I Started ‘Below Deck Down Under’ & It’s Even More Dramatic Than I Expected
“Such a good-looking crew. Honestly, no one’s ugly.”
I love reality TV. There’s just something about the drama, the romance and the high stakes that I can’t get enough of — so much so that I’ve even been on a (highly embarrassing) dating show once.
No thanks to that particular experience, I’ve since entered a thriving relationship. And, as the ultimate celebration of love, my partner and I spend our evenings watching reality TV, discussing its cultural merit and live-tweeting opinions.
It was inevitable that I’d subscribe to hayu — or at least try it out for free for a week.
So, I downloaded the hayu app to my smart TV, threw on some sweats and flicked through the offerings. There are over 300 shows, so it took a while.
Always on the hunt for my next binge, I settled on Below Deck Down Under. With everyone from my BFF to my therapist telling me how much I’d love Below Deck, I decided to take the plunge into its newest series.
Here’s what I already knew about the franchise: a crew works on a luxury yacht, and there’s lots of drama (obviously).
So, I tucked into the premiere of Below Deck Down Underand, folks, I wasn’t disappointed. I get the hype now. I’m totally hooked, and I want more.
In this show, a fresh-faced group of young people set off the coast of Australia.
The episode starts with a preview of the entire season, and it looks like a lot goes down — and I mean a lot.
The drama ranges from stuff you’d expect in the workplace (like sassy coworkers, hot bosses and entitled customers) to problems more unique to yacht crews (like sharks).
The boat itself is next-level gorgeous, as is literally every crew member. Everyone’s either a model, obsessed with weight-lifting or has a name like “Brittini” (pronounced like “martini”).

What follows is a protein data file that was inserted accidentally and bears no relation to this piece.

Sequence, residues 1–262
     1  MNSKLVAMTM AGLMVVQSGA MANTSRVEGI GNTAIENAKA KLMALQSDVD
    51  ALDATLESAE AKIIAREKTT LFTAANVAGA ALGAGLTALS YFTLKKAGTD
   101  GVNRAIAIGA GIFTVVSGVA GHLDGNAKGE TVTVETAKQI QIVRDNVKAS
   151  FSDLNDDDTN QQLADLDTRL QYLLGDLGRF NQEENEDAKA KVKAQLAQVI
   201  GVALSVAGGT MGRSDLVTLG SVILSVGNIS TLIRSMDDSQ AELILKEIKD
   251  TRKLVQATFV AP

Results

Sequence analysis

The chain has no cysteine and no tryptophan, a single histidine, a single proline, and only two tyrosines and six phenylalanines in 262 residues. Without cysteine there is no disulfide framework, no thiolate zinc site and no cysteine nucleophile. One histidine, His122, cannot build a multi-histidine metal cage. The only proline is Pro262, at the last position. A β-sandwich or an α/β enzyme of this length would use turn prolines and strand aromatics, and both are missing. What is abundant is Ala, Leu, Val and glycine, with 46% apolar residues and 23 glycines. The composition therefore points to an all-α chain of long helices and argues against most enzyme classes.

The high levels of attractiveness are met with big personalities, and it makes for perfect TV drama — the kind you can't stop watching.
From what I’ve gathered, chief stew Aesha Scott is a fan favourite, and I can see why. She’s good at her job, fun to watch and always down to disclose when she’s about to have a bowel movement.
My personal fave is second steward Tumi Mhlongo — she’s a master decorator and very flirty, and we love that for her.
The passengers are linen-clad millennial high rollers, paying roughly 80 grand to charter for three days. I'm simultaneously jealous of them and curious about their origin stories.
The show left off at a very intense cliffhanger that I won’t reveal the details of, though I will admit I’m very invested because when I was hit with a “To Be Continued...” card, I realized I’d been holding my breath.
Needless to say, I’m officially locked into that hayu subscription. I could’ve opted in monthly ($5.99) or for six months ($28.99), but instead, I decided to commit fully. I snagged an annual subscription for $52.99 — because the more you buy, the better the price.
I'm about to watch the second episode. After that, I’ll probably dive into the other Below Deck seasons like Below Deck Sailing Yacht or even a hayu exclusive like The Bachelor Australia. And, of course, I’ll catch up on what Twitter has to say about both.
Although products were provided for free in this review, the author's opinions are genuine and do not reflect the views of Narcity Media.